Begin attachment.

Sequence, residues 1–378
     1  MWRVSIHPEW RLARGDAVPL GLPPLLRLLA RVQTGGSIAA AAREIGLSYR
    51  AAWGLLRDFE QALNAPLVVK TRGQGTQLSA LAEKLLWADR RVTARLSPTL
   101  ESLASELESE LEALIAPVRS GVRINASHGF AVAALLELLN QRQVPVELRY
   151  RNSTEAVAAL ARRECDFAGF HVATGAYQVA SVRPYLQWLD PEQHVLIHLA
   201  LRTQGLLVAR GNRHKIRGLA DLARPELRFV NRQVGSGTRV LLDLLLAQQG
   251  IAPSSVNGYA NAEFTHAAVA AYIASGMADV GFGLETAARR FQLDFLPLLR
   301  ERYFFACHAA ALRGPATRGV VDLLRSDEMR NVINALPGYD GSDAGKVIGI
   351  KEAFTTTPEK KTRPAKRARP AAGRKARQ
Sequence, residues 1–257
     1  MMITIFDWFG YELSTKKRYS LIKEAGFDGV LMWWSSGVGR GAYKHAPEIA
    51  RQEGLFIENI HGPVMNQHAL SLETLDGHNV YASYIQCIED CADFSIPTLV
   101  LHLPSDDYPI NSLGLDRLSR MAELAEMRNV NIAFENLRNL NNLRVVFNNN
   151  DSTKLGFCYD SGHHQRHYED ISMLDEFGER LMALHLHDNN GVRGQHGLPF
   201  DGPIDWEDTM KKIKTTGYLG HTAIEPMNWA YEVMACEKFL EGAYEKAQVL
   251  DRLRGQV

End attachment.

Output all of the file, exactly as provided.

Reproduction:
Sequence, residues 1–378
     1  MWRVSIHPEW RLARGDAVPL GLPPLLRLLA RVQTGGSIAA AAREIGLSYR
    51  AAWGLLRDFE QALNAPLVVK TRGQGTQLSA LAEKLLWADR RVTARLSPTL
   101  ESLASELESE LEALIAPVRS GVRINASHGF AVAALLELLN QRQVPVELRY
   151  RNSTEAVAAL ARRECDFAGF HVATGAYQVA SVRPYLQWLD PEQHVLIHLA
   201  LRTQGLLVAR GNRHKIRGLA DLARPELRFV NRQVGSGTRV LLDLLLAQQG
   251  IAPSSVNGYA NAEFTHAAVA AYIASGMADV GFGLETAARR FQLDFLPLLR
   301  ERYFFACHAA ALRGPATRGV VDLLRSDEMR NVINALPGYD GSDAGKVIGI
   351  KEAFTTTPEK KTRPAKRARP AAGRKARQ
Sequence, residues 1–257
     1  MMITIFDWFG YELSTKKRYS LIKEAGFDGV LMWWSSGVGR GAYKHAPEIA
    51  RQEGLFIENI HGPVMNQHAL SLETLDGHNV YASYIQCIED CADFSIPTLV
   101  LHLPSDDYPI NSLGLDRLSR MAELAEMRNV NIAFENLRNL NNLRVVFNNN
   151  DSTKLGFCYD SGHHQRHYED ISMLDEFGER LMALHLHDNN GVRGQHGLPF
   201  DGPIDWEDTM KKIKTTGYLG HTAIEPMNWA YEVMACEKFL EGAYEKAQVL
   251  DRLRGQV